Sign in with
Sign up | Sign in

AMCC/3Ware Sidecar

External RAID Storage
By

external raid storage

The 3Ware Sidecar specifically targets Apple users; this becomes obvious when reading the datasheet and also in looking at the device, because its design goes well next to an Apple Power Mac G5. Since it is based on eSATA, though, the Sidecar can also be used with PCs, and the RAID controller cards by AMCC/3Ware are PC and Mac compatible anyway.

Like Accusys, AMCC/3Ware runs hardware accelerated RAID, which is based on the 3Ware StorSwitch architecture instead of an Intel XOR accelerator. AMCC uses only 128 MB instead of 256 MB cache, and it does not support RAID 6 with double redundancy. Differences cannot be found in everyday operation and management, but on the performance side: while Accusys provides better throughput, the 3Ware solution offers between 10% and 70% higher I/O performance, depending on the I/O benchmark profile and command queue depth. The Sidecar with the 9650SE hence is predestined for server environments, where I/O performance is typically more important than throughput.

The read performance of the Sidecar is mostly on par with that of the Accusys iRAIDer, but 3Ware loses ground on write performance, where it is approximately 15% slower. Another issue to consider might be performance on degraded RAID 5 arrays: 3Ware is considerably slower in this area.

There also is another advantage of AMCC over Accusys: the controller card is more compact, and hence can also be installed into low-profile rackmount servers. Unfortunately, the three-year warranty only applies to the controller card; the Sidecar only has a one-year warranty.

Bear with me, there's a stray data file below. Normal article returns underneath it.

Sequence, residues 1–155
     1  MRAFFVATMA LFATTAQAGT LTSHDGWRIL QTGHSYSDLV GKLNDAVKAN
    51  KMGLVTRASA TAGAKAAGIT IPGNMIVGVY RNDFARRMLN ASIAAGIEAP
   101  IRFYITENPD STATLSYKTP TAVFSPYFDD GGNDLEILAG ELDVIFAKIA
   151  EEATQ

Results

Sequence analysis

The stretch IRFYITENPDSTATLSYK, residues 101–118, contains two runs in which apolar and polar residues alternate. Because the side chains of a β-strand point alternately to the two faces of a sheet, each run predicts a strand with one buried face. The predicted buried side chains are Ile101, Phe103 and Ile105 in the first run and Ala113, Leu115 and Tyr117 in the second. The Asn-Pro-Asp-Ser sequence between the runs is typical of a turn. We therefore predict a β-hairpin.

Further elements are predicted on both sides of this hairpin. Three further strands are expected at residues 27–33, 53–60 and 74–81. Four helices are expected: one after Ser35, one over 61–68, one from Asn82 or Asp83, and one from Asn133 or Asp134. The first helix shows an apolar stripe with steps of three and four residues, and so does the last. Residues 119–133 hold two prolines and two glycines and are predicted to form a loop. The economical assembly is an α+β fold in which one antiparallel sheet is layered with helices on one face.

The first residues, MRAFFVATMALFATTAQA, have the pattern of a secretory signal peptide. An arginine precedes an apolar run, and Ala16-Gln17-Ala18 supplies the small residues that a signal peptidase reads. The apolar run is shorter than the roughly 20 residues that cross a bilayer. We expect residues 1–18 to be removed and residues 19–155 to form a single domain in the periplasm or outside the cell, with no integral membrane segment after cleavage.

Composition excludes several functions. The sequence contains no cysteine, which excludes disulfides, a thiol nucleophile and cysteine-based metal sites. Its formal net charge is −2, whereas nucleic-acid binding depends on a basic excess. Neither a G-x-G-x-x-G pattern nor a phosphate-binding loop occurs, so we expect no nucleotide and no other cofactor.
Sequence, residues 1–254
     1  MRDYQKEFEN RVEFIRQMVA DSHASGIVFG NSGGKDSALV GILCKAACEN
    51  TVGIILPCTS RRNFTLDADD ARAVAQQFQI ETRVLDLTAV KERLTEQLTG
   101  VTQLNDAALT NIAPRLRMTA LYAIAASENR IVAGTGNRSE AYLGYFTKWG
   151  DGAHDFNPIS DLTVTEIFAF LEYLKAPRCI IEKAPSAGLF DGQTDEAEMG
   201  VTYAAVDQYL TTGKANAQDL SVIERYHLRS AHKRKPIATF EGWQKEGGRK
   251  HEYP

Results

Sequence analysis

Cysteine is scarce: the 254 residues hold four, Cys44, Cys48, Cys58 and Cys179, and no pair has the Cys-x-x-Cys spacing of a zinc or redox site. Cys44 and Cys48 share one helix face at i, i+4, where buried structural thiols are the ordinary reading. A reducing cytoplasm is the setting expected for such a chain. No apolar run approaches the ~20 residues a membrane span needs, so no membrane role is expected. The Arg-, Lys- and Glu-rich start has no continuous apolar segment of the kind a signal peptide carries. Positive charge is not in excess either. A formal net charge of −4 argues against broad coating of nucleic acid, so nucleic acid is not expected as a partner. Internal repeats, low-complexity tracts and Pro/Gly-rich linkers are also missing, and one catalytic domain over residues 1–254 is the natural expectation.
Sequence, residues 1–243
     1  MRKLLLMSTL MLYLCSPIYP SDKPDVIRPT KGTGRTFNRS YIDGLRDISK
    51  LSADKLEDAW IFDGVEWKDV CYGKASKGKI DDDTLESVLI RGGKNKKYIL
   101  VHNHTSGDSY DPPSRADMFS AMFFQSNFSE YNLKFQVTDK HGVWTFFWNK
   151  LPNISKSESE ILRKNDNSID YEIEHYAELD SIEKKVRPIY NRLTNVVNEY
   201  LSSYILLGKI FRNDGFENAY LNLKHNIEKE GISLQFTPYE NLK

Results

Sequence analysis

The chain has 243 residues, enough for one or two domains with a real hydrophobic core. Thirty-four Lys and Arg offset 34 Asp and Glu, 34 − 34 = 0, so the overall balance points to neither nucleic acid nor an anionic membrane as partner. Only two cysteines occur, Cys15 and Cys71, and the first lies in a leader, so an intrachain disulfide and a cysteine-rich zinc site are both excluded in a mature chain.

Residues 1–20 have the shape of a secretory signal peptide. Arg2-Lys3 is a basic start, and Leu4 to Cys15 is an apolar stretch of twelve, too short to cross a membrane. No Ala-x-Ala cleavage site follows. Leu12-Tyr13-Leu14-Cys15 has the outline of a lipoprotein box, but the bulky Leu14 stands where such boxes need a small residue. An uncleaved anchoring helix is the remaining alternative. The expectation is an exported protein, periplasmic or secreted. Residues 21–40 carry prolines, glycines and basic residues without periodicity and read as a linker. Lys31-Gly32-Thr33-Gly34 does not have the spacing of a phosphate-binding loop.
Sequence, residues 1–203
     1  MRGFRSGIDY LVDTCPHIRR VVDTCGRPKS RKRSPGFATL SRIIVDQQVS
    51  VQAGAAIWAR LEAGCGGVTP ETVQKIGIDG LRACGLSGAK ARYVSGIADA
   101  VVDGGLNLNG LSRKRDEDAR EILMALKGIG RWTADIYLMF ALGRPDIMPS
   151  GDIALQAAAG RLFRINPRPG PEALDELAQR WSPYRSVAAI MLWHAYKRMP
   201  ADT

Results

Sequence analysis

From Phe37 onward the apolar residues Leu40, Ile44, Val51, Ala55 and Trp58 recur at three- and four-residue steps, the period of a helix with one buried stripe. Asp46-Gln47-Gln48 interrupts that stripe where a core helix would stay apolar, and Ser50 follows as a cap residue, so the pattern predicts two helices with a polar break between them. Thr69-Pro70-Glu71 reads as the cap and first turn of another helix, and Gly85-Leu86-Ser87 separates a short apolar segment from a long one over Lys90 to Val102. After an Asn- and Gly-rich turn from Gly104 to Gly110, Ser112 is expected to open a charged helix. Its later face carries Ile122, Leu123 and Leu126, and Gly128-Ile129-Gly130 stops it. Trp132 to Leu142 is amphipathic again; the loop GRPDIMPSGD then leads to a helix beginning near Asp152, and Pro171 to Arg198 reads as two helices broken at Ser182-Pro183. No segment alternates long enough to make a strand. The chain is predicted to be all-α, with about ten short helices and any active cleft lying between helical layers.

external raid storage

external raid storage

external raid storage

external raid storage

Display all 4 comments.
This thread is closed for comments
  • 0 Hide
    cruiseoveride , May 3, 2008 1:00 AM
    How does this compare to a DIY Linux Software RAID? Price? Performance? Reliability?
    Unlike a hardware solution, if the controller card dies, you can forget about getting your data back since there is no "Standard" for RAID. On Linux you could just put the drives into another PC, as the meta-data for software RAID on Linux is not going to change across different versions of Linux.
  • 0 Hide
    candide08 , May 5, 2008 7:24 PM
    Thanks for the article - you have convinced me not to even consider either of these.

    RAID 10 should be faster than any individual drive for reads and writes, and it should also be faster than RAID 5.

    Something is wrong here - either with the hardware or the tests.
  • 0 Hide
    mutsu , May 15, 2008 1:40 PM
    Actually performance isn't capped at 1 cable. There are a number of solutions that have multiple connections using iscsi, some even route between the connections dynamically on the server side and you can bond the ethernet connections on the client side to achieve performance maxing out the quantity of connections on the client machine. Of the ones that we tested (day job) there were only a few that met performance needs. All the arrays max the cable(s) out with straight read/write, but the performance on a number of array's drops drastically when you staring hitting them with more clients (20+) for read/write scenarios. Of course, these solutions are only really useful if you have, say, 100K (or more. Alot more in some cases) lying around.
  • 0 Hide
    a_k_a , August 23, 2008 6:41 PM
    It's a crying shame that storage "solution" providers (and Tom's Hardware) don't look at the needs of the laptop marketshare. This would be just what I need, but the controller cards are deal-breakers.